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Dale F. Eickelman

E ven before the events of 11 September 2001, it was already becoming clear
that rapidly increasing levels of education, greater ease of travel, and the rise
of new communications media were developing a public sphere in Muslim-
majority societies in which large numbers of people—not just an educated, politi-
cal, and economic elite—expect a say in religion, governance, and public issues.
State authorities continue in many ways to be arbi-
Dr. Eickelman is Ralph and Richard Lazarus Professor trary and restrict what is said in the press, the broad-
of Anthropology and Human Relations at Dartmouth cast media, and in public, but the methods of avoiding
College, in Hanover, New Hampshire. Since earning a
master’s degree in Islamic studies at McGill University
such censorship and control have rapidly proliferated.
in Montreal and a master’s and doctorate in anthropol- Today, silence in public no longer implies ignorance.
ogy at the University of Chicago, he has taught at New Silence, or apparent acquiescence, is often a
York University and at Dartmouth College, where he
was co-chair of the Asian Studies Program from 1994 to weapon of the weak. In some countries of the Arabian
1995 and chairman of the Anthropology Department, Peninsula, a “politics of silence,” in which audiences
1997–2000. The most recent of his numerous books and
applaud tepidly rather than with enthusiasm, is one of
other publications on complex societies, the anthropol-
ogy of Islam and the Middle East, and related issues are the few forms of public protest available, despite the
the fourth (2002) edition of his The Middle East and simulacra of democratic forms offered by repressive
Central Asia: An Anthropological Approach, and 1
and authoritarian governments. For instance, Tuni-
New Media and the Muslim World: The Emerging
Public Sphere (1999, coedited with Jon W. Anderson, sia’s President Zine el-Abidine Ben Ali was reelected
second edition 2003). with 99 percent of cast ballots in 1994, but few Tuni-
Parts of this essay appeared in an earlier form in the au- sians would take at face value his response to a French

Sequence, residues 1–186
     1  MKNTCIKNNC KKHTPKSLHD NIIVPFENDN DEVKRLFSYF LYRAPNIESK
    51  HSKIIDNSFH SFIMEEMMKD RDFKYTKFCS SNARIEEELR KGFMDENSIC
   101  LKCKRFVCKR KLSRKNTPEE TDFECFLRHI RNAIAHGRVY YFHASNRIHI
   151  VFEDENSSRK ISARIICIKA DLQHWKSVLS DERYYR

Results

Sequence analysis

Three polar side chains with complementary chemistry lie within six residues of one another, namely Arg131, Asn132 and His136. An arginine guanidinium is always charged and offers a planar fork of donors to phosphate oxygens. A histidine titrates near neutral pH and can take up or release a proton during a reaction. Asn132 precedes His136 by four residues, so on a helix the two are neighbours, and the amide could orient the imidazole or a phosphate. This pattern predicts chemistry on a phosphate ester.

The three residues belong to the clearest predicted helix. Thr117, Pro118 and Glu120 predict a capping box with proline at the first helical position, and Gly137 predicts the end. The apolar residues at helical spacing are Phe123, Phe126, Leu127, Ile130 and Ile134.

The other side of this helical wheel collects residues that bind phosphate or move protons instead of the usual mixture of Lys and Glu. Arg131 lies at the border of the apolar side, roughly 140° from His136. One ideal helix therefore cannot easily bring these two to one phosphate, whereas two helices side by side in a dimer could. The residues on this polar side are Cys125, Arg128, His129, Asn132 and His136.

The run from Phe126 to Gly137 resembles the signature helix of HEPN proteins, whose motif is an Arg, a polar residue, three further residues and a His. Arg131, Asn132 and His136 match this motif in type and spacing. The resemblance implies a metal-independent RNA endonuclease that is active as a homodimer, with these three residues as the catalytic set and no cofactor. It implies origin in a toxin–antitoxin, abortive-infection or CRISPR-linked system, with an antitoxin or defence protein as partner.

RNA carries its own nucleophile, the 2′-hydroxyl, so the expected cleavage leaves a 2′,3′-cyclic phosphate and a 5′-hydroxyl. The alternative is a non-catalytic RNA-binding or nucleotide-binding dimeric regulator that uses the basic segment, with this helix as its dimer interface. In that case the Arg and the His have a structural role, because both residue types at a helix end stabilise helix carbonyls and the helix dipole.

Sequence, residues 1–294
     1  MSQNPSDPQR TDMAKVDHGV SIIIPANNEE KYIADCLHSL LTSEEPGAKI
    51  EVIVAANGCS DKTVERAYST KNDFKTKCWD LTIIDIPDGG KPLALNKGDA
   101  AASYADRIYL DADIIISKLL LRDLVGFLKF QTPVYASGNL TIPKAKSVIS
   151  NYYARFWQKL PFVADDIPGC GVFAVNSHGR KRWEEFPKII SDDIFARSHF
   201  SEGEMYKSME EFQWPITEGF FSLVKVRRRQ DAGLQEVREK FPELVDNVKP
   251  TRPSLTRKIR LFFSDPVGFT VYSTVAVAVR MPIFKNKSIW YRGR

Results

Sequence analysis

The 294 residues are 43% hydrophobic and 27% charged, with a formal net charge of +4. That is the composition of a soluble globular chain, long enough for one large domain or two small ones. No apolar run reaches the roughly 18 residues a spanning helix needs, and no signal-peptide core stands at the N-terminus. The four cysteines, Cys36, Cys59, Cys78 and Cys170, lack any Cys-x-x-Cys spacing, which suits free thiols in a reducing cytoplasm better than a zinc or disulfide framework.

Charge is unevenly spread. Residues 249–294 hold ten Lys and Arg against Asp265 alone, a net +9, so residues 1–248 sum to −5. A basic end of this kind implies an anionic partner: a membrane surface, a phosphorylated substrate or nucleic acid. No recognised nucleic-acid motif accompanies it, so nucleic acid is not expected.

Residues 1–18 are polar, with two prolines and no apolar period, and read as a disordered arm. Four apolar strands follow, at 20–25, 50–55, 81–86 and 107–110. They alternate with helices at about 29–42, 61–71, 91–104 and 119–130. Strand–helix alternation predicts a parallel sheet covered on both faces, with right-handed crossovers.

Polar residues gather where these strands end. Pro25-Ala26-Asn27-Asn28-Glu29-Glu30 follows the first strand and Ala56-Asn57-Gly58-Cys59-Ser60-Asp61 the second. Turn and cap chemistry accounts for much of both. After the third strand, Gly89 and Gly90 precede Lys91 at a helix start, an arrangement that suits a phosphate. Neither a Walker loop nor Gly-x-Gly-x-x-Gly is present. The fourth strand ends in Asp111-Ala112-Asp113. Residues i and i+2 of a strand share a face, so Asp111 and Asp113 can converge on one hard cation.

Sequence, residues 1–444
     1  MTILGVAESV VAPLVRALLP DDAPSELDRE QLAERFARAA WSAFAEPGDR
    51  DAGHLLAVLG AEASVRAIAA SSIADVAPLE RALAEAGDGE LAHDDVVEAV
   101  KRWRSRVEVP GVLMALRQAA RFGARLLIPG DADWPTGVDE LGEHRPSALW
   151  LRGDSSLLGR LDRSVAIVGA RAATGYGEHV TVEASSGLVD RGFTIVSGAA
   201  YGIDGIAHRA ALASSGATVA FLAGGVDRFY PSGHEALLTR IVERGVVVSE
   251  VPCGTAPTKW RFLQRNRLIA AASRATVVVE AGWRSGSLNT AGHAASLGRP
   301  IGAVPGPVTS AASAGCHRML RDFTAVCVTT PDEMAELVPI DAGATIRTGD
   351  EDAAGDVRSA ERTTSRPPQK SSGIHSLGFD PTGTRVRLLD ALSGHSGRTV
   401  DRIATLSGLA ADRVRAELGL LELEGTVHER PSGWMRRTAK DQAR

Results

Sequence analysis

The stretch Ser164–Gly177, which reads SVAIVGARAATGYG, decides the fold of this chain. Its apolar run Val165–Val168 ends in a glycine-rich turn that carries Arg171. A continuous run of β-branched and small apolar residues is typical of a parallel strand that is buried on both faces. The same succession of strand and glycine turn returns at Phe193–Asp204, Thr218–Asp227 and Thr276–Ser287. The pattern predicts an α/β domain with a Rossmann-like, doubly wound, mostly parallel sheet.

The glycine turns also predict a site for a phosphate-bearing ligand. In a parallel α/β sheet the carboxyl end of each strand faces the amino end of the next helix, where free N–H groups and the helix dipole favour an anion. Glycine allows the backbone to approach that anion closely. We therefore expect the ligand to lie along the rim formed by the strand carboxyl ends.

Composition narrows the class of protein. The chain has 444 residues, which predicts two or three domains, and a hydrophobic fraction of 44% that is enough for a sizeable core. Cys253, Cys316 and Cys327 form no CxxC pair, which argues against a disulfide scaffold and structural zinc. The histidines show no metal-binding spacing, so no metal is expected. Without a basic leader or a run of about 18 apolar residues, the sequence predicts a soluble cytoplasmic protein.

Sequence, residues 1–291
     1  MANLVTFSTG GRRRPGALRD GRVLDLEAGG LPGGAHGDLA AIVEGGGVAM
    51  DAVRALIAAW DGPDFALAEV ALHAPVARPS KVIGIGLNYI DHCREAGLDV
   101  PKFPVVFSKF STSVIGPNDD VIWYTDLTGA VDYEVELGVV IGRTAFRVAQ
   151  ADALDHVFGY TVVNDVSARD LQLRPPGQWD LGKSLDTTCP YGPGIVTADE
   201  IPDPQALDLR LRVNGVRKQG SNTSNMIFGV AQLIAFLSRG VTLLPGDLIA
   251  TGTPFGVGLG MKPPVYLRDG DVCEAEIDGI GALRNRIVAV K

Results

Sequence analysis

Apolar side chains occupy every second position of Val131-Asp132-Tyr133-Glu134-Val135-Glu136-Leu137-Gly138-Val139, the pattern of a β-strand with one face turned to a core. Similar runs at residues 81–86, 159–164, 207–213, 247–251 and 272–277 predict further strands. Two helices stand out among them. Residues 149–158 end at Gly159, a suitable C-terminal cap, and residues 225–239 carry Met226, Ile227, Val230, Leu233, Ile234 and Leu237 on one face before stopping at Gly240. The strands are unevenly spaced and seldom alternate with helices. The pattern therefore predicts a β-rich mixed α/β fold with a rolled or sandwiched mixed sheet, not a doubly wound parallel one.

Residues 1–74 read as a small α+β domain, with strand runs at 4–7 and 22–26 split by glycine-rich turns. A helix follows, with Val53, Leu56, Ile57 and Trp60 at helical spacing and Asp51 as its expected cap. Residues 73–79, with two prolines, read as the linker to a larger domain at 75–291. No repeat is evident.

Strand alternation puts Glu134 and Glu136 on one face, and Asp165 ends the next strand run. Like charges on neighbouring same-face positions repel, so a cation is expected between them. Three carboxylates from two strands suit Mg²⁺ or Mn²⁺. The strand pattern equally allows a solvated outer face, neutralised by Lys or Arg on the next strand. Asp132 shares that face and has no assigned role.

thor’s “Bin Laden, the Arab ‘Street,’ and the Middle
East’s Democracy Deficit,” Current History, January journalist’s question that such results, far from being
2002, pp. 36–9, and are used here with permission. “a bit too good,” merely reflected “the profound re-
alities of the Arab-Muslim world” and that the vote
© 2002 by Dale F. Eickelman
Naval War College Review, Autumn 2002, Vol. LV, No. 4 was “a massive adhesion to a project of national

salvation.” Public silence in Tunisia in the face of such claims does not equal
agreement with them.
Washington policy makers recognized the implications of this new sense of
the public in the Arab world well before the 11 September terrorist attacks.
Among them, it is called the “Arab street,”
a new phenomenon of public accountability, which we have seldom had to factor
into our projections of Arab behavior in the past. The information revolution, and
particularly the daily dose of uncensored television coming out of local TV stations
like al-Jazira and international coverage by CNN and others, is shaping public opin-
ion, which, in turn, is pushing Arab governments to respond. We do not know, and
the leaders themselves do not know, how that pressure will impact on Arab policy in
the future.3

The use of the term “street,” rather than “public sphere” or “public,” imputes
passivity, or a propensity to easy manipulation, and implies a lack of formal or